It is unfortunate that Joseph Hildes cant understand and accept that there may be people living in the valley who hold opinions which differ from his own. Given that he put several questions forward, I thought it may be helpful to offer some answers.
1) Why all the fuss with the Columbia Valley Recreational Access Coalition (CVRAC)?
A fundamental pillar of democratic society is that we agree to accept the decisions made by governments elected by a majority of our citizens.
The CVRAC are not an elected group, and it is reasonable to assume that there are people in the valley who do not share the well-intentioned views of these like-minded people.
2) Who are Kootenay Snow Sports Society (KSSS)?
KSSS is a group of individuals who came together to discuss and communicate their views. As such, they hold the same rights to express opinions as Wildsight or any other independent group. I would add that Ms. Willard should consider changing their groups name to Kootenay Ice & Snow Sports Society (it makes a great acronym).
3) Why should journalists be allowed to attend CVRAC meetings?
Open access and transparency are important aspects of any public process. As odd as it may seem, there are many of us who believe that any group seeking to proclaim itself as speaking for the majority should be happy to engage the media to ensure that all opinions and views are considered. By all means, CVRAC has the right to bar journalists, but lets then recognize the group for what it represents special interests.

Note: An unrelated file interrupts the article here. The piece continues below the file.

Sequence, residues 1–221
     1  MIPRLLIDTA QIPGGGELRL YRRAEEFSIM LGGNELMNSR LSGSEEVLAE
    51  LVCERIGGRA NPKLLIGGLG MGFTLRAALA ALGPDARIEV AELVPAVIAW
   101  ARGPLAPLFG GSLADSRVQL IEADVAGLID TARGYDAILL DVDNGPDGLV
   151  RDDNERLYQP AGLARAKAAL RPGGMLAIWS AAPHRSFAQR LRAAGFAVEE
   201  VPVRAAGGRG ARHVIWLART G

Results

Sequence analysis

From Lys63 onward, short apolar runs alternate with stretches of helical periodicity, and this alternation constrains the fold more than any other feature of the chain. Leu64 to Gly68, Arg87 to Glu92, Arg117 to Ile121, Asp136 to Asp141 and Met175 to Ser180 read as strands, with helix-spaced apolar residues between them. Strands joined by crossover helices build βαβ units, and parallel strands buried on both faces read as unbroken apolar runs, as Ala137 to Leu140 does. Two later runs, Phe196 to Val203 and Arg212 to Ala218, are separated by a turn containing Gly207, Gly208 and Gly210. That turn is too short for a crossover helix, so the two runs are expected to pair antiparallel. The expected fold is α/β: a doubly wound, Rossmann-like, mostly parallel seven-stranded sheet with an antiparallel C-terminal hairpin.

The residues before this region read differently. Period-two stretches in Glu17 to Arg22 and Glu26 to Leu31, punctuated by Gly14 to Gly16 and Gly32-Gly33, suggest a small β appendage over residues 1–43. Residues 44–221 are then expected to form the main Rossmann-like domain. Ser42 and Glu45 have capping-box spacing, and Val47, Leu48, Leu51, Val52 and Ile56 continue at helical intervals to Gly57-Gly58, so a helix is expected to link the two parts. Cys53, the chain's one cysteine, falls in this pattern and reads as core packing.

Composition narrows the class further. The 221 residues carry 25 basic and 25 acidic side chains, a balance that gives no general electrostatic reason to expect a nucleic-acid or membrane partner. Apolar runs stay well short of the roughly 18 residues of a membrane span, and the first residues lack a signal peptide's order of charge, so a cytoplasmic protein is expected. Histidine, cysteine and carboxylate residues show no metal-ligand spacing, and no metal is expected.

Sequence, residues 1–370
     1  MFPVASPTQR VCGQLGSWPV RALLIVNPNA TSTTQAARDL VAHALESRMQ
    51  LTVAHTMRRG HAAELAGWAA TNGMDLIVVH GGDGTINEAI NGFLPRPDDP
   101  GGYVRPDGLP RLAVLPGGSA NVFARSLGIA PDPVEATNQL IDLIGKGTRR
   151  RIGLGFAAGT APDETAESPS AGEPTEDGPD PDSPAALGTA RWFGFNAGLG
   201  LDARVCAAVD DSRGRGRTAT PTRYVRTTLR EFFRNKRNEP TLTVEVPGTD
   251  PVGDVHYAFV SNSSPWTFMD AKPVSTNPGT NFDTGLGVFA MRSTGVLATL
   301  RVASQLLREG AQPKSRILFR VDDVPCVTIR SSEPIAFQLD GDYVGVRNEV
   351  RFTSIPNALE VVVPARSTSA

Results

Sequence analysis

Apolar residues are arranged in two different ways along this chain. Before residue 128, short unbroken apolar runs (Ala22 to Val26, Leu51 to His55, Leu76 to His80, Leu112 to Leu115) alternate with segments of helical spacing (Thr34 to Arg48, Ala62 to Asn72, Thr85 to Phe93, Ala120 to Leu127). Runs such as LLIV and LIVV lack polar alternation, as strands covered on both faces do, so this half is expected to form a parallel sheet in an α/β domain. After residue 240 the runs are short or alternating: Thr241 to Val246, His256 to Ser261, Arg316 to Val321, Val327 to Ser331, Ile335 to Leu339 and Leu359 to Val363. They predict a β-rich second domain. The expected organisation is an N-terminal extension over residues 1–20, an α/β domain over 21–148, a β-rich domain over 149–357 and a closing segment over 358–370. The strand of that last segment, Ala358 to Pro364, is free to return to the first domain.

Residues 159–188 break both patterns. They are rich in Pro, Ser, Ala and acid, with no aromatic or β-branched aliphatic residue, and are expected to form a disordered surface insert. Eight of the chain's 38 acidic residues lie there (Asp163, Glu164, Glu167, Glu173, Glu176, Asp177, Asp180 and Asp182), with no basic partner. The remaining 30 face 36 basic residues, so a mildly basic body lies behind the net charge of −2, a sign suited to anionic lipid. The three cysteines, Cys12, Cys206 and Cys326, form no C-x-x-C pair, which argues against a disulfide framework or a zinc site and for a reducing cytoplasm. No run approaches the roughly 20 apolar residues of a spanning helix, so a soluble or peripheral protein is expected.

4) Should it be a surprise that people dont want the media in the room?
Speaking for myself, Id suggest that the majority of people who dont want the media at the CVRAC meetings are the people in the CVRAC meetings. Kelsey Verboom should be commended for the diligence and fairness that she brought to this and all other matters she reported on in the valley.
5) Pat Morrows use of the term jackass.
I dont know what Mr. Morrows true intent was in using the phrase. I suspect, though, that the work of CVRAC is targeted at restricting the behaviour of more than just people who deliberately and knowingly go off trail to leave tracks in ecologically sensitive areas. I would suggest that someone who claims to know with certainty what another is thinking and doing is, well, a donkey.
The backcountry is a shared resource. We have institutions and processes in place that allow all people, as a society, to manage it. Respecting the views of others is a good first step towards ensuring we are all able to continue to enjoy the valleys resources for generations to come.
Jamie Fisher, Windermere